Dietary. supplements frequently have multiple ingredients, often mixtures of vitamins, minerals, and herbs. The rationale for including each ingredient is questionable, to say the least.
SeroVital is marketed as an anti-aging remedy that works by raising human growth hormone (HGH) levels naturally with amino acids. The research consists of one preliminary study that measured HGH levels. There is no clinical evidence that it is effective for anything.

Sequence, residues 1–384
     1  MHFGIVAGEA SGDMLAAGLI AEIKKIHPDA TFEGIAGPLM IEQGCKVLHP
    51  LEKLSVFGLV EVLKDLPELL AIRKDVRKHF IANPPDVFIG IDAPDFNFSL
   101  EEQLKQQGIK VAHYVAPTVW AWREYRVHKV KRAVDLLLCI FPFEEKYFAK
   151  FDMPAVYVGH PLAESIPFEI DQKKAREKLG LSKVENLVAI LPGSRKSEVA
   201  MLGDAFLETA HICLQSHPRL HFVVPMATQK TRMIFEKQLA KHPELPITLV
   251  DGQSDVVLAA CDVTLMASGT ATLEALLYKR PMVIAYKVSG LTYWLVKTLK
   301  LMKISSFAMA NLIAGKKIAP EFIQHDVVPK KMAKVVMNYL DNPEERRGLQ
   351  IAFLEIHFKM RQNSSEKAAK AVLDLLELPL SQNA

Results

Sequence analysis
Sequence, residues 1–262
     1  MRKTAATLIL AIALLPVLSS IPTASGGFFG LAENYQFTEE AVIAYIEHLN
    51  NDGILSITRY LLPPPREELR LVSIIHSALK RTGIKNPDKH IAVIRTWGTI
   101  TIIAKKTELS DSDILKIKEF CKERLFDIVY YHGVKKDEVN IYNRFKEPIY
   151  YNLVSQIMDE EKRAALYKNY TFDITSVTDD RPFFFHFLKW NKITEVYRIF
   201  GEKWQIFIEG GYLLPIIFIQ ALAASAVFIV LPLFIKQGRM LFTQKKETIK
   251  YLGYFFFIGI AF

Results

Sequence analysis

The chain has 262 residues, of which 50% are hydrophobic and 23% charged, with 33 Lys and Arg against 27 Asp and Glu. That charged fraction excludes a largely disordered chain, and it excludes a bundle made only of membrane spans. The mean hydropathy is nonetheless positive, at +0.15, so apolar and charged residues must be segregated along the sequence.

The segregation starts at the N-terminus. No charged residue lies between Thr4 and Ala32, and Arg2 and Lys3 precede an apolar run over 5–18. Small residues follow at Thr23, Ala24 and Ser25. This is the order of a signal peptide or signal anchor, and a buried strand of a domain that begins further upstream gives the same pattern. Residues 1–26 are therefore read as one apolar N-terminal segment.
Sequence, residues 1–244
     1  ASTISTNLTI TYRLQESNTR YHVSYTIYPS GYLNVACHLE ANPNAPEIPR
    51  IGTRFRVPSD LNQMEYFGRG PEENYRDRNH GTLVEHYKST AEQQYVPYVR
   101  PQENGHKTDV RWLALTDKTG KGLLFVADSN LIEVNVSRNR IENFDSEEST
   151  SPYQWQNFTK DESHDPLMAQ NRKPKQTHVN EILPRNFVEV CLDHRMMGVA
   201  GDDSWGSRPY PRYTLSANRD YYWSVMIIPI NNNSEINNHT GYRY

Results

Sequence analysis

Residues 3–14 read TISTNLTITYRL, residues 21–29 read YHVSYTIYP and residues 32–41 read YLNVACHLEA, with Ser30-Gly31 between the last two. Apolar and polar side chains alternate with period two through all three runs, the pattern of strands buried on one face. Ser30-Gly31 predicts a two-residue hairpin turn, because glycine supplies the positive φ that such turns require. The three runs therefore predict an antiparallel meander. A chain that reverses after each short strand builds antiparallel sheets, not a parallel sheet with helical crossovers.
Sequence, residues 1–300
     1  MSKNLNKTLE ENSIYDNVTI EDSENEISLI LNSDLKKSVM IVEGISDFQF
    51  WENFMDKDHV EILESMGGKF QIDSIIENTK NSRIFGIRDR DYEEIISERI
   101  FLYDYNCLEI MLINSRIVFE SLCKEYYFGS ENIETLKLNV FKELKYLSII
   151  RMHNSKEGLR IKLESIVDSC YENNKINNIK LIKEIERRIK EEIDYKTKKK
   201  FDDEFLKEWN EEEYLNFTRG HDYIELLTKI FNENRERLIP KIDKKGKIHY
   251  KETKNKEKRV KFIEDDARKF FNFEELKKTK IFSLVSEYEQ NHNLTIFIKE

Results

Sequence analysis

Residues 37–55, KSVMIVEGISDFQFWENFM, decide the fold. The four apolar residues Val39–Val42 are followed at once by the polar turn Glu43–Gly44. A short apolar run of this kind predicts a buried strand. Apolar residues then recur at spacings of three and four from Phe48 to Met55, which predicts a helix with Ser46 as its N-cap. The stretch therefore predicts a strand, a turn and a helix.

Nurse practitioner aggressively advertises a plethora of aesthetic treatments, some of which are dubious. It's legal, but is it ethical?
David Sinclair says aging is a disease that can be prevented and treated, and there is no reason life must end. The evidence he presents from scientific studies is intriguing, but far from definitive.
Naturopath Barbara O'Neill has been banned in Australia for spreading dangerous lies about health.
A new fad, drinking hydrogen water, claims to provide all kinds of health benefits. The scientific evidence isn't there.